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Overcoming coder's block

Monday, January 1, 2007 | 0 comments

Today I had a small moment to myself and read an article on overcoming coder's block by Logan Koester. I considered the article well written, a lot of his tips I do myself, or I should be doing them as I work from home as a Perl programmer. Below I have repeated some of his tips and have added my point of view as well.

Get the light right

Logan Koester recommends in his article:

Create a work environment with as much artificial light and as little clutter as possible.

His argument is that he gets lazy from sunlight. In my case I wouldn't take it that far but I agree that direct sunlight can cook me alive and can become a major distraction in itself. Back in the Netherlands when I had a window that got direct sunlight in the afternoon I often closed the heavy curtain and worked either by the light that managed to get through or artificial light.

The other thing Logan mentions I wholeheartedly agree on is to reduce clutter as much as possible. Some people claim that an empty desk equals an empty mind, but that's good. I need an empty mind to "download" my work environment. I don't need distraction. And if a messy desk equals creativity then the local garbage dump must be the place to hang out to get mind shattering ideas.

I prefer an empty desk, no, I need an empty desk. Where else can I put my notebook, and open the books I need to look up documentation? Currently over 60% of my desk is empty. With a total surface area of 87 by 192 cm that's a lot of space. I actually don't consider it an empty desk, but an organized desk. And what I need for my programming work is an organized mind.

Don't clutter the desktop

Logan prefers to work full screen, kill all programs that have notifiers, and optionally autohide the taskbar. I don't like to work full screen. To me a major advantage of a graphical user interface (GUI) using windows is that I can drag around windows, and reorganize my workspace. I often let the editor I use (mostly TextPad and Exchanger XML Editor) only cover a part of the desktop so there is always space left, similar to how I use my real desktop.

But I agree, again, with Logan. Hence I don't have hardly any shortcuts on my desktop, but use the Quick launch toolbar. Also to avoid the cluttered start menu of Windows XP. Again it's organize your work environment.

Read a relevant article or book passage

Logan recommends to read relevant articles or book passages to assist your current project. I like to add to do this reading away from the computer. At least to me the computer is a major distraction factor. When away from the computer there is less distraction. Also it stops me from trying a few pieces of code out and, instead of reading, getting lost in a non- relevant side project.

Somewhat related to his advice is what I wrote a few months ago First hour after breakfast: Learning Python: to use the first hour after breakfast for one hour of study. It's amazing how much one can learn by reading a book or relevant article compared to idling the first hour of work away on a few websites.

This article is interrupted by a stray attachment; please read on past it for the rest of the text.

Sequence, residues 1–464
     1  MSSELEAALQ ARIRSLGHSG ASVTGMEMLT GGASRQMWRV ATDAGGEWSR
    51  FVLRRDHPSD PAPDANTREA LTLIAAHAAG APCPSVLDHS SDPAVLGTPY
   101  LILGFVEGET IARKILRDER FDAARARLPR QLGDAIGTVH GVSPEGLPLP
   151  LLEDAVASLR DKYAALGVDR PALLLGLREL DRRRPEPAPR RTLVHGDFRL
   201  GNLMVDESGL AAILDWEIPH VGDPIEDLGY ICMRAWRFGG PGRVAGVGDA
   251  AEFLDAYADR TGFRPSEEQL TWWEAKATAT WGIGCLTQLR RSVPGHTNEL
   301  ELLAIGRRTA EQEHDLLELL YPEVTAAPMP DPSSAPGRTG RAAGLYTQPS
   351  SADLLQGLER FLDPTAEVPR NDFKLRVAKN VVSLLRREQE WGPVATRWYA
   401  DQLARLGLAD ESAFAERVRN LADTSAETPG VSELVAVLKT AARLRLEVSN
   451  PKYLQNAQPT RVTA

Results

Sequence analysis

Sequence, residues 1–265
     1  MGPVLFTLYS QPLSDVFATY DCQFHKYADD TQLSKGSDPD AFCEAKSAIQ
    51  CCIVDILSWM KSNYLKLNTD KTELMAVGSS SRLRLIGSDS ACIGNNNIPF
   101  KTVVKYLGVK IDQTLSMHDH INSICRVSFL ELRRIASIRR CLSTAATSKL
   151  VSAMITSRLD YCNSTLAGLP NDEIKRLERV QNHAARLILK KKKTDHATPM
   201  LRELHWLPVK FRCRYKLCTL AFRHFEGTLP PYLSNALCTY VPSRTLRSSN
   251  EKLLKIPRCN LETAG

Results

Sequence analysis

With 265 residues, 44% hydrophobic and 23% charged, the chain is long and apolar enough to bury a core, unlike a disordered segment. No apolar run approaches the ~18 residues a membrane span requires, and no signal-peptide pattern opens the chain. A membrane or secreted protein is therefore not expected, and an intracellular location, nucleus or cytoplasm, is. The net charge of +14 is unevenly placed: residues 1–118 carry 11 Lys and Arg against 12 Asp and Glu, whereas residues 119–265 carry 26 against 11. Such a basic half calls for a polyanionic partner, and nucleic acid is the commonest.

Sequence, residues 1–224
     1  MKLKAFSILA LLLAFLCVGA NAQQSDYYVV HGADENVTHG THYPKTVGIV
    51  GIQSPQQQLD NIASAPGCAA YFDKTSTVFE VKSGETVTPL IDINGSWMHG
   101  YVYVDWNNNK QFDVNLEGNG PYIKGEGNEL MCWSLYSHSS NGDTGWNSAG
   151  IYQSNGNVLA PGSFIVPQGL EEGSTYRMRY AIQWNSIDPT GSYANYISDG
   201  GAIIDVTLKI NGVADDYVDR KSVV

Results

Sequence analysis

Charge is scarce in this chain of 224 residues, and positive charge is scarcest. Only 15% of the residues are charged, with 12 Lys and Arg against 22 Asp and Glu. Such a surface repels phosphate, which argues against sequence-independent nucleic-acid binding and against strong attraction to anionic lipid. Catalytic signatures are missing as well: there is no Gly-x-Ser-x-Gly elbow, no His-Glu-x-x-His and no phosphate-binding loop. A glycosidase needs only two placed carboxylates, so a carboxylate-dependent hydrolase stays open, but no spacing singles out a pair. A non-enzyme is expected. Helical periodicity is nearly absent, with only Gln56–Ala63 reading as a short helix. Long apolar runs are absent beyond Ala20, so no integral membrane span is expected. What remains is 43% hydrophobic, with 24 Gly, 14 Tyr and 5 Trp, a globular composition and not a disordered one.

Reboot your day

Logan recommends that if a day goes so incredibly badly it just can't be saved to take a 20 minute power nap. After the nap act like it's morning and you just woke up.

This is quite similar to what I do now and then. When I feel tired, instead of keeping glaring at the screen I decide to take a short nap. When I am not too tired I don't need a wake-up call to limit this nap to 20 minutes. After it I often feel wonderfully refreshed. Moreover, things that were hard before the nap somehow fall into place after it.

When a day goes incredibly badly however, I often take a day off. I go out of the house. Sometimes I go together with Esme to a shopping mall, or we go together on a short walk nearby. Walking in a quiet environment, surrounded by trees (or cactuses) often helps to clear my mind, and unexpectedly come up with a much better solution compared to banging my head against a computer screen.

What doesn't work

At the end of his article Logan gives a short list of things that distract him. My personal list would include the following:

I already managed to get phone and Skype of the list. The former by not having a landline and only handing my cell phone number out in very rare occasions. The latter by not running Skype.

Usenet is something that has been distracting me for over 12 years. But last year I decided to stop using Usenet at all. For a long time one of my excuses was that by answering questions I learned a lot myself. But that was a false excuse as I have learned from First hour after breakfast: Learning Python.

Email I have somewhat under control. I only start the email client I use (Mozilla Thunderbird) a few times a day to check email. After I have finished checking my email I close the application so it can't distract me with "You Got Spam".

As for Instant Messenger programs, I rarely use them nowadays for customers. And friends and family don't disturb me when I set my status to busy. In the past I had customers who managed to tempt me into adding them to messenger, but nowadays I only allow for this when it's necessary.

Logan links to an article written by Joel Spolsky, Where do These People Get Their (Unoriginal) Ideas?, which explains that

... if we interrupt a programmer, even for a minute, we're really blowing away 15 minutes of productivity

A statement I wholeheartedly agree with.

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